#
#transport.tcp.port: 9300

# Enable compression for all communication between nodes (disabled by default):
#
#transport.tcp.compress: true

# Set a custom port to listen for HTTP traffic:
#
#http.port: 9200
http.port: 9200

 

You need to create the directory structure that you have created above

 mkdir -p /opt/elasticsearch/work
 mkdir -p /opt/elasticsearch/logs
 mkdir -p /opt/elasticsearch/data
chown -R elasticsearch:elasticsearch /opt/elasticsearch

If you try and start the service you will get the following error :-

service elasticsearch start

elasticsearch: Failed to configure logging…
elasticsearch: org.elasticsearch.ElasticsearchException: Failed to load logging configuration
elasticsearch: at org.elasticsearch.common.logging.log4j.LogConfigurator.resolveConfig(LogConfigurator.java:135)
elasticsearch: at org.elasticsearch.common.logging.log4j.LogConfigurator.configure(LogConfigurator.java:85)
elasticsearch: at org.elasticsearch.bootstrap.Bootstrap.setupLogging(Bootstrap.java:94)
elasticsearch: at org.elasticsearch.bootstrap.Bootstrap.main(Bootstrap.java:178)
elasticsearch: at org.elasticsearch.bootstrap.Elasticsearch.main(Elasticsearch.java:32)
elasticsearch: Caused by: java.nio.file.NoSuchFileException: /usr/share/elasticsearch/config
elasticsearch: at sun.nio.fs.UnixException.translateToIOException(UnixException.java:86)
elasticsearch: at sun.nio.fs.UnixException.rethrowAsIOException(UnixException.java:102)
elasticsearch: at sun.nio.fs.UnixException.rethrowAsIOException(UnixException.java:107)
elasticsearch: at sun.nio.fs.UnixFileAttributeViews$Basic.readAttributes(UnixFileAttributeViews.java:55)
elasticsearch: at sun.nio.fs.UnixFileSystemProvider.readAttributes(UnixFileSystemProvider.java:144)
elasticsearch: at sun.nio.fs.LinuxFileSystemProvider.readAttributes(LinuxFileSystemProvider.java:99)
elasticsearch: at java.nio.file.Files.readAttributes(Files.java:1737)
elasticsearch: at java.nio.file.FileTreeWalker.getAttributes(FileTreeWalker.java:225)
elasticsearch: at java.nio.file.FileTreeWalker.visit(FileTreeWalker.java:276)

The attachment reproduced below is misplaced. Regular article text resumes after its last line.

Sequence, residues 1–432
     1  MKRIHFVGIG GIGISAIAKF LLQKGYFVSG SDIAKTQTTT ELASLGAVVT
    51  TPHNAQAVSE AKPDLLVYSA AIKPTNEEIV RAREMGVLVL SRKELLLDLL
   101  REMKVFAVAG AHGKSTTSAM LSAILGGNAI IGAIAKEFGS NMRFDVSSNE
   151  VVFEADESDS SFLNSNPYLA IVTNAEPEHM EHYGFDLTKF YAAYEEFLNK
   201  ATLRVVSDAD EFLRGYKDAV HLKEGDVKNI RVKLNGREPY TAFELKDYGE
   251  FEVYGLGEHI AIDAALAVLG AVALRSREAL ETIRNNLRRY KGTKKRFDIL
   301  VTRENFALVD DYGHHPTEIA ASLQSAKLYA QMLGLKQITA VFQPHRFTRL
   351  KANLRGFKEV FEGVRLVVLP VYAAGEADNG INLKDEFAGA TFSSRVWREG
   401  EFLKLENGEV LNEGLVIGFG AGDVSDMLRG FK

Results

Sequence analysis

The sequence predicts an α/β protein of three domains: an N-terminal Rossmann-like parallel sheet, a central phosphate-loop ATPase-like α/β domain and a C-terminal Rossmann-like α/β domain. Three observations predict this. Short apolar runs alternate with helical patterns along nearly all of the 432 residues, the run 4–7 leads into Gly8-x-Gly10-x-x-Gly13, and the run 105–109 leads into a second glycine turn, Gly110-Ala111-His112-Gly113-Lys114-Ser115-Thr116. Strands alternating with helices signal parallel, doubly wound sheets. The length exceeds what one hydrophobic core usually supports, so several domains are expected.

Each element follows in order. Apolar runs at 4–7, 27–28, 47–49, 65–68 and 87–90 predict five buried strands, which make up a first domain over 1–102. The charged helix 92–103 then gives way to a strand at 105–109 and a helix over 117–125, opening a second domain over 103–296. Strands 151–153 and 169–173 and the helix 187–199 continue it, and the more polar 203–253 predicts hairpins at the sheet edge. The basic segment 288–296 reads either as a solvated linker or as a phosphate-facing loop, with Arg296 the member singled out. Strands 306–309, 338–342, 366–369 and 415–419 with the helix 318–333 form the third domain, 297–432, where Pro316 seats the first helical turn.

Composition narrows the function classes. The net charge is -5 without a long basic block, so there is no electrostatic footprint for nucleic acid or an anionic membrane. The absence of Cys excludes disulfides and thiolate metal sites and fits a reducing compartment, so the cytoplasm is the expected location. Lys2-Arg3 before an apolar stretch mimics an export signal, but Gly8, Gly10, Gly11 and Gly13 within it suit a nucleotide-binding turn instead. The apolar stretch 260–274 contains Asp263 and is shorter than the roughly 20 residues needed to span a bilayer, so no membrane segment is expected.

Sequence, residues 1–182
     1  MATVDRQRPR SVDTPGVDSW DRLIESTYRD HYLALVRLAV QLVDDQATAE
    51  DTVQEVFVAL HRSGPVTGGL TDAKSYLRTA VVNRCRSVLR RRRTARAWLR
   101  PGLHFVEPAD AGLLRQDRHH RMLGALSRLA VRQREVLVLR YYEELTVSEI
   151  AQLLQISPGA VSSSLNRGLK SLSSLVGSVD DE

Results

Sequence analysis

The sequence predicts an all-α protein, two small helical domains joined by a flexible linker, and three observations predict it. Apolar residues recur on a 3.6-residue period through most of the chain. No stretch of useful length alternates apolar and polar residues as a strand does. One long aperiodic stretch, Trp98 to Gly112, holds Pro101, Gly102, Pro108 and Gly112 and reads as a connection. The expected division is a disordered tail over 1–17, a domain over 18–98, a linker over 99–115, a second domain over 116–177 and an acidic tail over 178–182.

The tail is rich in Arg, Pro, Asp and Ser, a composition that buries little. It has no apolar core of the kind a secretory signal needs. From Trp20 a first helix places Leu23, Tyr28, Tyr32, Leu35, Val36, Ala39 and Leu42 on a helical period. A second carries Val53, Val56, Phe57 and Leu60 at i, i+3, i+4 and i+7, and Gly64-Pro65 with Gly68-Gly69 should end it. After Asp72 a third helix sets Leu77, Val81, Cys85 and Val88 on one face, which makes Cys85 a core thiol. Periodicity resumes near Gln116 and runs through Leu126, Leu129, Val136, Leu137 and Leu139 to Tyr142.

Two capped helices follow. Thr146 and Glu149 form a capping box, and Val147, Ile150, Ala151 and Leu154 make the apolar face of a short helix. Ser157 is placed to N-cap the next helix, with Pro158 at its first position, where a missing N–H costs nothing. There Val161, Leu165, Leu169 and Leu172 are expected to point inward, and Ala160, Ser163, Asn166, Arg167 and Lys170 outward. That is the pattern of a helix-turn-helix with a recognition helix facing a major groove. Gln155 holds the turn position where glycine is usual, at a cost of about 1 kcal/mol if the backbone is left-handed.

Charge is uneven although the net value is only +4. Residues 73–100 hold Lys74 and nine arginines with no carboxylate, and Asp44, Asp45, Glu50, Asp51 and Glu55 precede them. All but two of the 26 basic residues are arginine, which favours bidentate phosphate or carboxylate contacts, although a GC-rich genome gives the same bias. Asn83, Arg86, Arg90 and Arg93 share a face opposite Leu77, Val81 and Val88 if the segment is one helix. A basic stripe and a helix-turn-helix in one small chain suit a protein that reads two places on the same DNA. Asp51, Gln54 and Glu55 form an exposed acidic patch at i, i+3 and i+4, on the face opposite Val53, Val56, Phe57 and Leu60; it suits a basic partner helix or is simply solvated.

elasticsearch: at java.nio.file.FileTreeWalker.walk(FileTreeWalker.java:322)
elasticsearch: at java.nio.file.Files.walkFileTree(Files.java:2662)
elasticsearch: at org.elasticsearch.common.logging.log4j.LogConfigurator.resolveConfig(LogConfigurator.java:119)
elasticsearch: … 4 more
elasticsearch: log4j:WARN No appenders could be found for logger (bootstrap).
elasticsearch: log4j:WARN Please initialize the log4j system properly.
elasticsearch: log4j:WARN See http://logging.apache.org/log4j/1.2/faq.html#noconfig for more info.
elasticsearch.service: main process exited, code=exited, status=3/NOTIMPLEMENTED
Unit elasticsearch.service entered failed state.

To fix this

mkdir -p /usr/share/elasticsearch/logs
mkdir -p /usr/share/elasticsearch/config
mkdir -p /usr/share/elasticsearch/data
cp /etc/elasticsearch/logging.yml /usr/share/elasticsearch/config/
chown -R elasticsearch:elasticsearch /usr/share/elasticsearch/logs
chown -R elasticsearch:elasticsearch /usr/share/elasticsearch/config
chown -R elasticsearch:elasticsearch /usr/share/elasticsearch/data

To test the connection

curl -X POST 'http://FQDN:9200/tutorial/helloworld/1' -d '{ "message": "Hello World!" }'

Getting the record

curl -X GET 'http://FQDN:9200/tutorial/helloworld/1'

 

Note that is you have configured this in AWS you must use the internal ip address of the server or FQDN that resolves to the internal address.

 

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One Comment on “Installing Elastic Search 1.4.4”

  1. myerrorblog says:

    […] Posted: December 17, 2015 | Author: survivalguides | Filed under: Linux | Tags: AWS, ElasticSearch, SugarCRM|Leave a comment […]